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Over 300 Pigs Culled in Kerala After African Swine Fever Breaks Out

Kerala culled over 300 pigs to contain an outbreak of African Swine Fever, a disease harmless to humans but highly contagious among pigs.

KJ Staff
Over 300 Pigs Culled in Kerala After African Swine Fever Breaks Out (Representational Photo Source: Department of Agriculture)
Over 300 Pigs Culled in Kerala After African Swine Fever Breaks Out (Representational Photo Source: Department of Agriculture)

More than 300 pigs have been culled in Thrissur district of Kerala following an outbreak of African Swine Fever (ASF). The disease was spotted in Madakkatharan Panchayat following which the state's Animal Husbandry Department got cracking.

In a statement, the Union Ministry of Fisheries, Animal Husbandry and Dairying said that Rapid Response Teams were deployed to cull and dispose of pigs within a 1 km radius of the epicentre. Further surveillance as per the action plan is to be carried out within a 10 km radius of the epicentre.

It may be recalled that in India, ASF first appeared in the northeastern states of Assam and Arunachal Pradesh in May 2020. Since then, the disease has spread to approximately 24 states and union territories across the country.

The ministry clarified that ASF is not zoonotic, that is, it cannot spread to humans. The National Action Plan for Control of ASF, formulated in 2020, outlines containment strategies and response protocols for outbreaks.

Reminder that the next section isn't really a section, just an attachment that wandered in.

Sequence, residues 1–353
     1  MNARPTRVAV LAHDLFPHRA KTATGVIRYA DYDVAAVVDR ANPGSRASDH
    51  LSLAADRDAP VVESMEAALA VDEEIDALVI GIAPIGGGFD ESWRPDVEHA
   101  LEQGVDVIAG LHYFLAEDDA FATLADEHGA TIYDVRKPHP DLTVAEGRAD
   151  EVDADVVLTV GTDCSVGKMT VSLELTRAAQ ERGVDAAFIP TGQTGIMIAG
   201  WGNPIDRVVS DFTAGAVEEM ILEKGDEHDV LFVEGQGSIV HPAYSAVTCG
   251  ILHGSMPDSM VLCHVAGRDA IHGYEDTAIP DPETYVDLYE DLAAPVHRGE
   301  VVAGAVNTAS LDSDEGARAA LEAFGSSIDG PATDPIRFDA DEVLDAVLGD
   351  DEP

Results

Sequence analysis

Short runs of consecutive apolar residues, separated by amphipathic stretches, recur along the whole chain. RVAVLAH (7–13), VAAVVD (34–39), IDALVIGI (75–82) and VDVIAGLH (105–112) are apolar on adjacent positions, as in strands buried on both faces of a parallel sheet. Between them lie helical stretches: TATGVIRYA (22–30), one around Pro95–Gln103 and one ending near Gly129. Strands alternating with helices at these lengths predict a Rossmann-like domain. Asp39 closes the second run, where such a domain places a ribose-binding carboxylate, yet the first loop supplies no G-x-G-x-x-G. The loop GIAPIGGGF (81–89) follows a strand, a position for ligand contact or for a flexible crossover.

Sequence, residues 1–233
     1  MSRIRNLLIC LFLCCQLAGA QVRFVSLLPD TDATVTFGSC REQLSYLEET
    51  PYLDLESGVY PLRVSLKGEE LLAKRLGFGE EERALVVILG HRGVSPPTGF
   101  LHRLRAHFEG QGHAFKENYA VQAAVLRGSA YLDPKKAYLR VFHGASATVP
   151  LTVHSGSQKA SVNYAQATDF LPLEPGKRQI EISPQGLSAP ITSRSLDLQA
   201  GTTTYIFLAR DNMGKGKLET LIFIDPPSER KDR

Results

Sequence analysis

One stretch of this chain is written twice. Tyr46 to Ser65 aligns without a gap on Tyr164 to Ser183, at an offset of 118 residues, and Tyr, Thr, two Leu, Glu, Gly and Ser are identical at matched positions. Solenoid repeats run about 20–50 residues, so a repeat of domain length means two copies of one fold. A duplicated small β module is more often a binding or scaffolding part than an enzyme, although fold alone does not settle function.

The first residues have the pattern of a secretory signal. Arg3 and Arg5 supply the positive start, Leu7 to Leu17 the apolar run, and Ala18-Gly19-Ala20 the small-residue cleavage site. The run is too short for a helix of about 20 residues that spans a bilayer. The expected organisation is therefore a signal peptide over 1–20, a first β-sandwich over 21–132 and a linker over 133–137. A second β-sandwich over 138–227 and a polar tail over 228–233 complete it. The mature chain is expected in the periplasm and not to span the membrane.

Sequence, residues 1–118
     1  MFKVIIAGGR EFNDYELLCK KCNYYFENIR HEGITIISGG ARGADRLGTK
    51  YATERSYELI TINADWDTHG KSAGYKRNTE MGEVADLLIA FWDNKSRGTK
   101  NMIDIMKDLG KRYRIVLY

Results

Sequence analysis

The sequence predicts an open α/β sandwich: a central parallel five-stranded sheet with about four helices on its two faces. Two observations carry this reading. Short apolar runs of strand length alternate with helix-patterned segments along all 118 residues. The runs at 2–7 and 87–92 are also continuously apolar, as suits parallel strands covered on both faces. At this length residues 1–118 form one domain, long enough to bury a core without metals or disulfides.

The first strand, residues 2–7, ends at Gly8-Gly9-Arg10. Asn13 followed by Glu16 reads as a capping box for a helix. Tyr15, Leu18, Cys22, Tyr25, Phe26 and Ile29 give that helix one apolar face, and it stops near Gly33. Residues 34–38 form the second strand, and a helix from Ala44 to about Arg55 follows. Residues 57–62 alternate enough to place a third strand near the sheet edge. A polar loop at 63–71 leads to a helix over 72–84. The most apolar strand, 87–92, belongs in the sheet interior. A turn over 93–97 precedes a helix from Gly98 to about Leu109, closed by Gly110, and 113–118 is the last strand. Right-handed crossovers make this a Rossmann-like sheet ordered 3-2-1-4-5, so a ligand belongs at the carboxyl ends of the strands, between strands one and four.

Interestingly, while the country faces a new outbreak of ASF in Kerala, the central government marked World Zoonoses Day on July 6 with an interactive session to commemorate Louis Pasteur's first successful rabies vaccine on July 6, 1885. It serves as a stark reminder of the thin line between animal and human health.

Though zoonoses diseases that can jump from animals to humans include rabies and influenza, as well as more recent concerns like COVID-19, the ministry reassured that not all animal diseases pose a threat to human health.

It said many livestock diseases, like Foot & Mouth Disease or Lumpy Skin Disease, cannot infect humans. Incidentally, India is home to 11 per cent of the global livestock population and 18 per cent of the world's poultry and is known as the world's largest milk producer and second-largest egg producer.

The government has launched nationwide vaccination campaigns for brucellosis in bovine calves and rabies. Moreover, a National Joint Outbreak Response Team (NJORT) has been established under the One Health approach, bringing together experts from various ministries and research institutions, the ministry added.

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